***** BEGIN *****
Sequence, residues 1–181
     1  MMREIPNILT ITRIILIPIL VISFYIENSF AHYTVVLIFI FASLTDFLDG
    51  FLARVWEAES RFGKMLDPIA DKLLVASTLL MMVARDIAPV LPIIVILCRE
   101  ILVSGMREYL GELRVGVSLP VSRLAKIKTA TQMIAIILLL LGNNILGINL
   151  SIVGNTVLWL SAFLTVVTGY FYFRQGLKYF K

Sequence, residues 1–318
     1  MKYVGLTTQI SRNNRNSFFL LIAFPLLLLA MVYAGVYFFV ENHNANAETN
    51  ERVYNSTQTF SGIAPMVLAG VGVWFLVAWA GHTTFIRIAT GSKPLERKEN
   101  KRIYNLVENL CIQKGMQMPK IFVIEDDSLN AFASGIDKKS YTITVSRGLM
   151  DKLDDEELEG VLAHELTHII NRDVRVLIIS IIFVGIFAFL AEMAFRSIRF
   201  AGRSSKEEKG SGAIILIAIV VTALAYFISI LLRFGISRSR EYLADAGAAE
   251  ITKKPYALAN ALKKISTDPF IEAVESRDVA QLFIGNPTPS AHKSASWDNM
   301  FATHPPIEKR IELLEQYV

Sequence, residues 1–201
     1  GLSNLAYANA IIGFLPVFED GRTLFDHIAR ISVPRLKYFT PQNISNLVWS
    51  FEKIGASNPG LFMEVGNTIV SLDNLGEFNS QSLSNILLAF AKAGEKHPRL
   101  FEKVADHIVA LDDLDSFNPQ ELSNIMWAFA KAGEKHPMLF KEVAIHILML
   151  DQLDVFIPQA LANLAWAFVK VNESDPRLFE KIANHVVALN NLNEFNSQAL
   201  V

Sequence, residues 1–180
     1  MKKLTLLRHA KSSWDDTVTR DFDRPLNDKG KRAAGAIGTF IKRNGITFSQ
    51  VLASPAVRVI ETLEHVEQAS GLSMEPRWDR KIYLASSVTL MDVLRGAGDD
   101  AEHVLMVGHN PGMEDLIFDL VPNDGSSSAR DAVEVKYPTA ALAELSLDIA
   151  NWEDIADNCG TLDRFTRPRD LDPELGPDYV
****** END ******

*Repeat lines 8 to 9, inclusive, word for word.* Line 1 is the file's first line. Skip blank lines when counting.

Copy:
    51  ERVYNSTQTF SGIAPMVLAG VGVWFLVAWA GHTTFIRIAT GSKPLERKEN
   101  KRIYNLVENL CIQKGMQMPK IFVIEDDSLN AFASGIDKKS YTITVSRGLM